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Results: Psychostimulants were associated with statistically significant improvement in depressive symptoms in major depressive disorder (odds ratio [OR], 1.41; 95% confidence interval [CI], 1.13-1.78; P = 0.003) and bipolar disorder (OR, 1.42; 95% CI, 1.13-1.78; P = 0.003). Efficacy outcomes differed across the psychostimulants evaluated as a function of response rates: ar/modafinil (OR, 1.47; 95% CI, 1.20-1.81; P = 0.0002); dextroamphetamine (OR, 7.11; 95% CI, 1.09-46.44; P = 0.04); lisdexamfetamine dimesylate (OR, 1.21; 95% CI, 0.94-1.56; P = ns); methylphenidate (OR, 1.49; 95% CI, 0.88-2.54; P = ns). Efficacy outcomes also differed between agents used as adjunctive therapy (OR, 1.39; 95% CI, 1.19-1.64) or monotherapy (OR, 2.25; 95% CI, 0.67-7.52).
BACKGROUND: Submicroscopic malaria parasitaemia is common in both high- and low-endemicity settings, but its clinical consequences are unclear. METHODS: A cohort of 364 children (0.5-10 years of age) and 106 adults was followed from 2011 to 2016 in Tororo District, Uganda using passive surveillance for malaria episodes and active surveillance for parasitaemia. Participants presented every 90 days for routine visits (n = 9075); a subset was followed every 30 days. Participants who presented with fever and a positive blood smear were treated for malaria. At all routine visits microscopy was performed and samples from subjects with a negative blood smear underwent loop-mediated isothermal amplification for detection of plasmodial DNA. RESULTS: Submicroscopic parasitaemia was common; the proportion of visits with submicroscopic parasitemia was 25.8% in children and 39.2% in adults. For children 0.5-10 years of age, but not adults, having microscopic and submicroscopic parasitaemia at routine visits was significantly associated with both fever (adjusted risk ratios [95% CI], 2.64 [2.16-3.22], 1.67 [1.37-2.03]) and non-febrile illness (aRR [CI], 1.52 [1.30-1.78], 1.26 [1.09-1.47]), compared to not having parasitaemia. After stratifying by age, significant associations were seen between submicroscopic parasitaemia and fever in children aged 2-
The Transportation Security Administration screened an average of 1.78 million people from Friday through Monday, hitting a peak of 1.96 million on Friday. Those volumes are more than six times higher than a year ago, but still 22% below Memorial Day weekend in 2019.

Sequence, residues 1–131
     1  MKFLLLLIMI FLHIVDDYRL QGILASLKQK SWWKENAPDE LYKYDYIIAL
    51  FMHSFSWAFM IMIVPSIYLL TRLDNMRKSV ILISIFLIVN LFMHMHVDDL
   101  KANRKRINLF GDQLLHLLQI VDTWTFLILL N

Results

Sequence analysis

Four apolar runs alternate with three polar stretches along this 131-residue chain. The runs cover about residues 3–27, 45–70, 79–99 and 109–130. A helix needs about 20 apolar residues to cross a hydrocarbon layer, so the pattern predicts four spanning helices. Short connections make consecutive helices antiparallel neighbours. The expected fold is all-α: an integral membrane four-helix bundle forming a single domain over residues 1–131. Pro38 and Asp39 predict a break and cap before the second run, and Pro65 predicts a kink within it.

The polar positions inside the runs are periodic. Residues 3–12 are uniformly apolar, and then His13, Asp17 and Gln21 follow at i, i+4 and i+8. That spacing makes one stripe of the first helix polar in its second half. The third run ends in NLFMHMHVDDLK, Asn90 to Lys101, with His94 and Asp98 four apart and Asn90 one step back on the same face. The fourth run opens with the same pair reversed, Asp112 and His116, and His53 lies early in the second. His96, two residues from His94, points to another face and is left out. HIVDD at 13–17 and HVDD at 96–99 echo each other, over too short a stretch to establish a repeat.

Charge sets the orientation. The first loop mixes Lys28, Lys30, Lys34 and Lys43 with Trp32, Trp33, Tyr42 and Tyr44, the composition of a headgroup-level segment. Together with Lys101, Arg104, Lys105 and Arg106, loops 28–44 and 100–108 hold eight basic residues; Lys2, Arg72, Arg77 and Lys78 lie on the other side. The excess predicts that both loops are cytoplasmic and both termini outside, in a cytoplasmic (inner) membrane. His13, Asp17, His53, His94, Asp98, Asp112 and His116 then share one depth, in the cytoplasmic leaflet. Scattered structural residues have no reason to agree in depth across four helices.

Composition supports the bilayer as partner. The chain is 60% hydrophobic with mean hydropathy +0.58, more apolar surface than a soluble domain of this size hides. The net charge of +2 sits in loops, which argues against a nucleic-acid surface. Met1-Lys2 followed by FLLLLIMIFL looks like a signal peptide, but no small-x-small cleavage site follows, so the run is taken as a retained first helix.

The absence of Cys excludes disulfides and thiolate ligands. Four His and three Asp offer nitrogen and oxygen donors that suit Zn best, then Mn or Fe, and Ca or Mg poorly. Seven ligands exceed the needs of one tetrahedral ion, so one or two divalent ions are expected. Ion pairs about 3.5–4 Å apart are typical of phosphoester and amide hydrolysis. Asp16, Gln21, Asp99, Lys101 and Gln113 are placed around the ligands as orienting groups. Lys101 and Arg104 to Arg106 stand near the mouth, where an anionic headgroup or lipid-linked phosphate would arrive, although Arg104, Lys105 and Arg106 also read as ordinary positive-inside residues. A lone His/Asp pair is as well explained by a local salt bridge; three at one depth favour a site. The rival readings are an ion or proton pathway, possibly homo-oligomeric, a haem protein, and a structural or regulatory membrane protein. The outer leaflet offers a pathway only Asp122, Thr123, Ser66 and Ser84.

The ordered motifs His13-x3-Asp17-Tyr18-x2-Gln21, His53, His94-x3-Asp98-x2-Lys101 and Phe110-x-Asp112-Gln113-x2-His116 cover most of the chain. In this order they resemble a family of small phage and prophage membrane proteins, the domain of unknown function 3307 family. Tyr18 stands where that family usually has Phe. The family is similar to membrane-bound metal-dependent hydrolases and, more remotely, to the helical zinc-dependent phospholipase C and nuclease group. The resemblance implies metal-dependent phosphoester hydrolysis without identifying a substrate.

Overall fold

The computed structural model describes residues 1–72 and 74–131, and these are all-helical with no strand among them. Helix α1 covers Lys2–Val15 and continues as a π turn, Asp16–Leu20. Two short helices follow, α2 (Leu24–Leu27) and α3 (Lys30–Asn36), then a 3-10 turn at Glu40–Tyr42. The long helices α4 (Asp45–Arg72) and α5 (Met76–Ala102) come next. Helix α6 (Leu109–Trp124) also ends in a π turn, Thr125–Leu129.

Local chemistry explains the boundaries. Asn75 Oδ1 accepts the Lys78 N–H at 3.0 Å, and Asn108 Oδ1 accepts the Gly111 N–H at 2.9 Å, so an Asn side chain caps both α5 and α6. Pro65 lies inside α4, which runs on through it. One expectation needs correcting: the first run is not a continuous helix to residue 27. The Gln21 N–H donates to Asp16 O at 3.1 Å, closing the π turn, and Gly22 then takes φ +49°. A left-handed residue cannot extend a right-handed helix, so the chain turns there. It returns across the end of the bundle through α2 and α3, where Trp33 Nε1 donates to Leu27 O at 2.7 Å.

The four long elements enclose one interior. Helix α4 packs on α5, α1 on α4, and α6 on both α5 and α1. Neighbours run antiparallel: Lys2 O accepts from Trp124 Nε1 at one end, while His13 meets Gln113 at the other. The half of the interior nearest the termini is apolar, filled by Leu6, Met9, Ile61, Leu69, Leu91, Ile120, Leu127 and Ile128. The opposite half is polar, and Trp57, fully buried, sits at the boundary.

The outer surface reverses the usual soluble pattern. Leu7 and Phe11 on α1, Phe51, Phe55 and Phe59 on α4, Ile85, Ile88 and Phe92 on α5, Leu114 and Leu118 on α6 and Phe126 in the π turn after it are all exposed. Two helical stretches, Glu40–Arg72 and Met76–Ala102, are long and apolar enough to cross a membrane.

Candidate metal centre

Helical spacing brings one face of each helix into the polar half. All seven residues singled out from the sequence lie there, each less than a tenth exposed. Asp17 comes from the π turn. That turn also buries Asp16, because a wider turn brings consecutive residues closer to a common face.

METHODS: Patients 15 years of age or older with diagnosis of generalized epilepsy, generalized SWD on ambulatory EEG, and no clinical seizures in the previous month were recruited through their neurologists. Patients drove for an hour in a high-fidelity driving simulator (Yale DrivSim Lab, miniSimTM) fitted for video and high-density EEG monitoring. For baseline testing (every 5 minutes), and during each SWD episode, a virtual road obstacle consisting of a round circle (similar to a stop sign) was presented in the center of the display for 100ms. Participants were instructed to pull over as safely and quickly as possible as soon as they saw the obstacle, and then to resume driving after they had safely stopped on the side of the road. We detected appropriate response to the obstacles based on changes in acceleration, brake force, and steering, and calculated reaction times. We analyzed proportion of correct responses and reaction times for each participant during the baseline tests, and for each SWD.
RESULTS: Nine patients were tested, 2 male, 7 female, median age of 20 years. Five had generalized epileptiform discharges during driving testing, with obstacles presented during a total of 55 SWD. Mean SWD duration was 2.2 ± 1.78 s (mean ± SD). The road obstacle was presented during SWD with a mean delay of 1.25 s from SWD onset. Of the 55 SWD episodes tested, 52 (95%) elicited an appropriate behavioral response and for 3 (5%) patients continued driving without pulling over. For the episodes in which patients pulled over, mean reaction time to obstacle was 0.76 ± 0.36s (mean ± SD). EEG analyses are underway and are focused on spike and wave amplitude, SWD duration and other features that may help classify SWD in relation to driving performance. 2b1af7f3a8